Or you can charge them for the drop down menus, charge them for the extra work required to still present the content to search engines, charge them to create traffic partnerships, and charge them to run their ppc campaign. The fact is, there are only three major sources of free search engine traffic, and lots more qualified sites competing for those top spots. It's quite often much more cost effective to blow off the SE's in favor of other means of traffic acquisition, which also frees you to develop in a myriad of ways that would otherwise be impossible. Myself, I won't buy without pretty pictures. The sites I buy from I usually don't find on SE's either.


 1:20 pm on Aug 24, 2005 (gmt 0)

Great topic! One thing to think about when planning the structure of your page is the order of your html, or what is referred to as source ordered html. This is done through CSS and positioning. It doesn't make sense to me to have a page that does this...


When it should be the other way around...


Don't you think? ;)

JAB Creations

 2:56 pm on Aug 25, 2005 (gmt 0)

I have been thinking about the placement of tags myself. I have my menus at the top of the page and google often shows them in the results though my pages are not properly formatted as we are talking about. I'm going to have to test out a few things I suppose.

I have been working with a structure based on XHTML tags and references and it seems to be coming along beautifully.

JAB Creations

 3:49 pm on Aug 25, 2005 (gmt 0)

For XHTML 1.1 and any type of validation (markup, 508, WAI, etc) is there a need for this attribute in the HTML tag?


To pass WAI this is neccesary I know...
<html xml:lang="en">

I have another suggestion for those looking for useful tools. I hardly ever use new tools unless I really find of them (literally) everyday value and Chris Pederick's Web Developer extension for Firefox simply rocks for helping me check for things I would not normally.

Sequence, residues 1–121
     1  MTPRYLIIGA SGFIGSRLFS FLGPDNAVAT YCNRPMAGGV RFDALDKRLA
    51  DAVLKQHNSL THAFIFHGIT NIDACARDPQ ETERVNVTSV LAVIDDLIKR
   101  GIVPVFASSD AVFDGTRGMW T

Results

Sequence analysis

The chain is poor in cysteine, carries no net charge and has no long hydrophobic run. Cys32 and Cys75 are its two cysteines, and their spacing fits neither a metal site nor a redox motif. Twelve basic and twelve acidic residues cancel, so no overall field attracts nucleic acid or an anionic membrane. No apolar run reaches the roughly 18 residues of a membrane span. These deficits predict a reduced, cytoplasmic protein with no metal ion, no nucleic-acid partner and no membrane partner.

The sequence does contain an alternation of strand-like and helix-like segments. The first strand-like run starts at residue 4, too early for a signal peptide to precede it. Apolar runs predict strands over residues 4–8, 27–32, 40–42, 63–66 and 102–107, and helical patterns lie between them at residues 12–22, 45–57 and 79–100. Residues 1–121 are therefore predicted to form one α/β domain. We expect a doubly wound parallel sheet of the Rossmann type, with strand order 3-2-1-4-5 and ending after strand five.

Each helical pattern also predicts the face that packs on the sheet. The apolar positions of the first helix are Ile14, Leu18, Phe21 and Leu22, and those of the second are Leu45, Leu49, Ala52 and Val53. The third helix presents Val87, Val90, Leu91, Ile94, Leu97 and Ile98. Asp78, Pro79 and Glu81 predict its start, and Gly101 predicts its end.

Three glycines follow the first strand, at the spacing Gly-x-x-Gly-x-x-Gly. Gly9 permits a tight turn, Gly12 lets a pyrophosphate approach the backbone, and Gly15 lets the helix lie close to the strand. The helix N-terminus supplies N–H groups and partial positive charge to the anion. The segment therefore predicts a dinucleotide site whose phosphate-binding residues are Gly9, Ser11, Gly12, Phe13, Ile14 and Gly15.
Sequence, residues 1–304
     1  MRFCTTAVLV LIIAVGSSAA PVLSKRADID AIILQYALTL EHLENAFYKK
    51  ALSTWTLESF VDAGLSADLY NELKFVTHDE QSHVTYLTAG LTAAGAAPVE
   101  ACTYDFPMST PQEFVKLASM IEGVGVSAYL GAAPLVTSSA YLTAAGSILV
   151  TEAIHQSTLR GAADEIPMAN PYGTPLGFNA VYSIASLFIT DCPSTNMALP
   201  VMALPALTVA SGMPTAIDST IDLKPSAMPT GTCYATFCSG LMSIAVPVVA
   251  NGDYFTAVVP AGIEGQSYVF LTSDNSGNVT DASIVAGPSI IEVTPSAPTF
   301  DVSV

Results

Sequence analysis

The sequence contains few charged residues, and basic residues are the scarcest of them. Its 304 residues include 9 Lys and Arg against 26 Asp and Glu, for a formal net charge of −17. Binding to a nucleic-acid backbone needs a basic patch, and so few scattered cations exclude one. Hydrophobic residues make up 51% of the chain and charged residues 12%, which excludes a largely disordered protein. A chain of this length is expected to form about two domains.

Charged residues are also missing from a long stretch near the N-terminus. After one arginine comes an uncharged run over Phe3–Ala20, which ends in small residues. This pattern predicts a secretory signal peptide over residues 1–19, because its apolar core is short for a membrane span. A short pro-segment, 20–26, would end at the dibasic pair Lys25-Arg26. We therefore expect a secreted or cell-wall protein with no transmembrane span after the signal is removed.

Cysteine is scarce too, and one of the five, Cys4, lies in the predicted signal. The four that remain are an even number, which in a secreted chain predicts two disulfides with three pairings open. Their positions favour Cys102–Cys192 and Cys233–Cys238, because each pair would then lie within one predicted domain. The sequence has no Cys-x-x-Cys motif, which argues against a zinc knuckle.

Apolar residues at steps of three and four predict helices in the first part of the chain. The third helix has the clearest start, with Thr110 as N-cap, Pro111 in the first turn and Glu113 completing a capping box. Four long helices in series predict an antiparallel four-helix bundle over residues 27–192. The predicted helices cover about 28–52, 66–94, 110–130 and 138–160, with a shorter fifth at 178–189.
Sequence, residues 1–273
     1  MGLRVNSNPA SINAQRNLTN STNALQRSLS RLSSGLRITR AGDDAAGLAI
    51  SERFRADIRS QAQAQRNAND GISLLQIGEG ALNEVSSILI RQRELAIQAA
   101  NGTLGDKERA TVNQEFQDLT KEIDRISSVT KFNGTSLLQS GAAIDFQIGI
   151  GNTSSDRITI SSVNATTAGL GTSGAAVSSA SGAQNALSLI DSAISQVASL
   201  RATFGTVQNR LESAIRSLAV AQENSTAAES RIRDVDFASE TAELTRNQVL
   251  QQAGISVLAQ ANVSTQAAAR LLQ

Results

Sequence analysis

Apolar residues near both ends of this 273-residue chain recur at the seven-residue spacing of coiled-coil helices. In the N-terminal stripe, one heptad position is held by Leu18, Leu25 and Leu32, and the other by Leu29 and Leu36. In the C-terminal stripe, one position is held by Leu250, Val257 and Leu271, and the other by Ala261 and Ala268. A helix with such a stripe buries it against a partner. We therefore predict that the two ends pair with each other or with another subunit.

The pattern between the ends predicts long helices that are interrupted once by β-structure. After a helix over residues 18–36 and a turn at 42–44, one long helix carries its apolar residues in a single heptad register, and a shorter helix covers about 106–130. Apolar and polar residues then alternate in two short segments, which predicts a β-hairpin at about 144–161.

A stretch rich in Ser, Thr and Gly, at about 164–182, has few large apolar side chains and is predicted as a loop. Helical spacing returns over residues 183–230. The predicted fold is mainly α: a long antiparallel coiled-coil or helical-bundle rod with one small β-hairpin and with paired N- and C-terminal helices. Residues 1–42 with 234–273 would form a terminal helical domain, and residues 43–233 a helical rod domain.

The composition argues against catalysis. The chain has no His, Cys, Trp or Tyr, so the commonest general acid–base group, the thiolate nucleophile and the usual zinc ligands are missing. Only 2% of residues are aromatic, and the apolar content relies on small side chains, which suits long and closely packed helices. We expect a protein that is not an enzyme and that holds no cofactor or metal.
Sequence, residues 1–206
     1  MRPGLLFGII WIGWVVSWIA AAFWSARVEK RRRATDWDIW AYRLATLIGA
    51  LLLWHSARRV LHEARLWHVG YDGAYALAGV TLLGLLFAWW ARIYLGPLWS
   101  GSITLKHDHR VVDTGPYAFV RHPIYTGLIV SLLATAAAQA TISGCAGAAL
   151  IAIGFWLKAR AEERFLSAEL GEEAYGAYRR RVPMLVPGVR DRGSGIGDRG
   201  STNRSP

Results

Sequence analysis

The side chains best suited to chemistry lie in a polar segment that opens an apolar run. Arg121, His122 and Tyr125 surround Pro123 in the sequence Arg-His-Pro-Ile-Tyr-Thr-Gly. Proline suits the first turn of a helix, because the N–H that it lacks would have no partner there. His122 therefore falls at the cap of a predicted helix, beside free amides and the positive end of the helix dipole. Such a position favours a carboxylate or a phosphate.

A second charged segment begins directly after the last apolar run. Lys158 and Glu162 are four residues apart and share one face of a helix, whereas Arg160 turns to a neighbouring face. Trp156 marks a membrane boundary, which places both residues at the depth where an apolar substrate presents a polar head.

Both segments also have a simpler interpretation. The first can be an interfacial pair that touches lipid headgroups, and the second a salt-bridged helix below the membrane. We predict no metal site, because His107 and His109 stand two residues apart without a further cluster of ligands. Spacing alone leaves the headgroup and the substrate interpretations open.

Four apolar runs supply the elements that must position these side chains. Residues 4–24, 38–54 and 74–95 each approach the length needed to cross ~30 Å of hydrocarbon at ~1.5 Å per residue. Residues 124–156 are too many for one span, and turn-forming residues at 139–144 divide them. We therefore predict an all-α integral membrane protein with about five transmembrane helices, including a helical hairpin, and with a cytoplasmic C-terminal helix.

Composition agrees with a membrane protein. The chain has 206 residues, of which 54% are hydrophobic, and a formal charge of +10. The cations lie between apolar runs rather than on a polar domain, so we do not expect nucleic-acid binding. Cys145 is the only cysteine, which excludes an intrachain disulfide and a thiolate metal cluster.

7:12 pm on Aug 25, 2005 (gmt 0)


It is not required for any validation, but it is considered best practice to include it for XHTML documents. It is not vital.

To pass WAI this is neccesary I know...
<html xml:lang="en">

A couple of things here: firstly, you must declare the language, but not necessarily with an xml:lang or lang attribute. You can also set the content language as a HTTP header and leave out the attributes altogether. The second thing is that support for xml:lang is verging on the non-existent - so in real accessibility terms (ie. net the validator) it is always better to use the lang attribute instead. This is just one of the reasons why it is not adviseable to use XHTML 1.1 - you should be using XHTML 1.0 Strict instead.


 10:28 pm on Aug 25, 2005 (gmt 0)

jab, don't use xhtml 1.1 unless you are using it correctly. Here is the relevant spec [w3.org]:

"Why is it disallowed to send XHTML 1.1 documents as text/html?

XHTML 1.1 is pure XML, and only intended to be XML. It cannot reliably be sent to legacy browsers. Therefore XHTML 1.1 documents must be sent with an XML-related media type, such as application/xhtml+xml."

Setting the mimetype must be done server side, it's not something you can do onpage.

It's a fairly common new xhtml user error to assume that xhtml 1.1 is somehow 'better' or 'cooler' than xhtml 1.0 strict. This isn't the case, it's a very specialized xhtml, and it's not meant for normal use. Since MSIE does not support application/xhtml+xml, there is no way you can create an xhtml 1.1 page that would have any reason to exist, although there are a few obsessive types out there who will actually deliver xhtml 1.1 documents to browsers that support that, and xhtml 1.0 docs to things like msie.

This incorrect belief is not unlike having your volume knobs on your amplifiers go up to 11 like spinal tap did because, well, 11 is bigger than 10...

JAB Creations

 1:02 am on Aug 26, 2005 (gmt 0)

I'm aware of the application/xhtml+xml mimetype but (on my personal site) won't be implementing it except on test pages via PHP header syntax when developing new pages (or the new version of my site). How is 1.1 specialized and for what?


 1:21 am on Aug 26, 2005 (gmt 0)

How is 1.1 specialized and for what?

[webmasterworld.com...] msg #2 ;)


 1:23 am on Aug 26, 2005 (gmt 0)

This incorrect belief is not unlike having your volume knobs on your amplifiers go up to 11 like spinal tap did because, well, 11 is bigger than 10...

heh heh ..luv it ;)